2014 eMedicine.com

146. Glaucoma, Primary Open Angle (Diagnosis)

, dorzolamide/timolol) Alpha agonist/carbonic anhydrase inhibitor (eg, brimonidine/brinzolamide) Laser therapy Laser can be used as primary or adjunctive treatment. It is indicated in cases of noncompliance with medications or if the patient is on maximum tolerated medical therapy and needs further intraocular pressure reduction. The following are laser options that may be used for primary open-angle glaucoma: Argon laser trabeculoplasty (ALT) Selective laser trabeculoplasty (SLT) Micropulse diode laser (...) , brimonidine, apraclonidine) Less-selective sympathomimetics (eg, dipivefrin, epinephrine) Carbonic anhydrase inhibitors (eg, dorzolamide, brinzolamide, acetazolamide, methazolamide) Prostaglandin analogs (eg, latanoprost, bimatoprost, travoprost, tafluprost, latanoprostene bunod) Miotic agents (eg, pilocarpine) Hyperosmotic agents (eg, isosorbide dinitrate, mannitol, glycerin) Beta-blocker/alpha agonist combination (eg, brimonidine/timolol) Beta-blocker/carbonic anhydrase inhibitor combination (eg

2014 eMedicine.com

147. Glaucoma, Drainage Devices (Diagnosis)

, dorzolamide/timolol) Alpha agonist/carbonic anhydrase inhibitor (eg, brimonidine/brinzolamide) Laser therapy Laser can be used as primary or adjunctive treatment. It is indicated in cases of noncompliance with medications or if the patient is on maximum tolerated medical therapy and needs further intraocular pressure reduction. The following are laser options that may be used for primary open-angle glaucoma: Argon laser trabeculoplasty (ALT) Selective laser trabeculoplasty (SLT) Micropulse diode laser (...) , brimonidine, apraclonidine) Less-selective sympathomimetics (eg, dipivefrin, epinephrine) Carbonic anhydrase inhibitors (eg, dorzolamide, brinzolamide, acetazolamide, methazolamide) Prostaglandin analogs (eg, latanoprost, bimatoprost, travoprost, tafluprost, latanoprostene bunod) Miotic agents (eg, pilocarpine) Hyperosmotic agents (eg, isosorbide dinitrate, mannitol, glycerin) Beta-blocker/alpha agonist combination (eg, brimonidine/timolol) Beta-blocker/carbonic anhydrase inhibitor combination (eg

2014 eMedicine.com

148. Acute Orbital Compartment Syndrome (Follow-up)

. Immediately employ medical therapy. Osmotic agents and carbonic anhydrase inhibitors are part of established protocols at many centers. Most experts also recommend high-dose steroid therapy as a standard of care. Less agreement exists for use of topical beta-blockers and multiple osmotic agents. Irreversible optic-nerve pathology may occur with as little as 2 hours of ischemia. Rapid employment of medical therapy and ophthalmologic consultation should proceed promptly once the diagnosis is made. Previous (...) canthal tendon (ie, inferior cantholysis), which allows complete mobility of the lower lid. Visual loss without definite signs consistent with increased IOP is not an indication for this procedure. Other primary indications for lateral canthotomy and cantholysis include an intraocular pressure (IOP) greater than 40 mm Hg and proptosis, which may be used as a criterion for unconscious patients whose visual acuity cannot be determined. Secondary criteria include afferent pupillary defect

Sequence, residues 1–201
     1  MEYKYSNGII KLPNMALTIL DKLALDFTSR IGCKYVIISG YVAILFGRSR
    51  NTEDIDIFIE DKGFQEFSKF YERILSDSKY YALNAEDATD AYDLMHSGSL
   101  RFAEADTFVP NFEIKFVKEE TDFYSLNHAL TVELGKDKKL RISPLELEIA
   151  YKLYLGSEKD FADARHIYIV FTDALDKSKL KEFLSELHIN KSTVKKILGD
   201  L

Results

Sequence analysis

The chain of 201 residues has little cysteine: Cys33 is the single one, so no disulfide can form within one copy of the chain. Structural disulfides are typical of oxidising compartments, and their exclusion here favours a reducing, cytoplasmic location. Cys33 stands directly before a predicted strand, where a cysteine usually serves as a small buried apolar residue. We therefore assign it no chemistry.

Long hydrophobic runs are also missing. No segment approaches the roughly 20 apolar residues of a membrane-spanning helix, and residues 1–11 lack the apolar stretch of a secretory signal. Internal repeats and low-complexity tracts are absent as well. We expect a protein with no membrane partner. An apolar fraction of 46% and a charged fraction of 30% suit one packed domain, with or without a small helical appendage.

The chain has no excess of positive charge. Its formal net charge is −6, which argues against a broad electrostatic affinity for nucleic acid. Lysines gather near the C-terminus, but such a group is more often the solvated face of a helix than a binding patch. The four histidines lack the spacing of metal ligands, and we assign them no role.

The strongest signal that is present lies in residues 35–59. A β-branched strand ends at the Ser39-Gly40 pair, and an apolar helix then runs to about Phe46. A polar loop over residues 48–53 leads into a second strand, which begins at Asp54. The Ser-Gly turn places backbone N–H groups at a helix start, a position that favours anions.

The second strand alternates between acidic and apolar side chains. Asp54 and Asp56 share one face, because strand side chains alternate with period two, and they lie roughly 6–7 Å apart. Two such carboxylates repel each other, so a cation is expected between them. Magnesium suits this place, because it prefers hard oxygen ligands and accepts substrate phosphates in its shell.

2014 eMedicine Emergency Medicine

149. Sturge-Weber Syndrome (Treatment)

is preferable in SWS. The chance of achieving seizure control with medical therapy in patients with SWS varies. Glaucoma medications The goal of treatment is control of IOP to prevent optic nerve injury. This can be achieved with the following agents: Beta-antagonist eye drops - Decrease the production of aqueous fluid Carbonic anhydrase inhibitors - Also decrease production of aqueous fluid Adrenergic eye drops and miotic eye drops - Promote drainage of aqueous fluid Dye laser photocoagulation Treatment (...) the presence of infantile glaucoma include the following: Corneal diameter of more than 12 mm during the first year of life Corneal edema Tears in the Descemet membrane (Haab striae) Unilateral or bilateral myopic shift Optic nerve cupping greater than 0.3 Any cup asymmetry associated with intraocular pressure (IOP) above the high teens Optic nerve damage - Resulting in myopia, anisometropia, amblyopia, strabismus, and visual field defects Diagnosis In young patients, examination under anesthesia or deep

2014 eMedicine.com

150. Sturge-Weber Syndrome (Treatment)

[ , ] NA NA 32% *NA = not available Previous Next: Pharmacologic Treatment of Glaucoma The goal of treatment is control of intraocular pressure (IOP) to prevent optic nerve injury. This can be achieved with the following agents: Beta-antagonist eye drops - Decrease the production of aqueous fluid Carbonic anhydrase inhibitors - Also decrease production of aqueous fluid Adrenergic eye drops and miotic eye drops - Promote drainage of aqueous fluid Although medical treatment of SWS glaucoma usually fails (...) for long-term surgical success. Medical therapy can also be used as an adjunct to surgery. Topical antiglaucoma therapy for extended periods of time is sometimes helpful postoperatively to further reduce borderline IOP elevations without the need for reoperation. Initial medical therapy with a topical beta blocker, followed sequentially with the addition of a carbonic anhydrase inhibitor (systemic in infants and topical in older children) and topical prostaglandin (latanoprost [Xalatan

2014 eMedicine.com

151. Sickle Cell Disease (Treatment)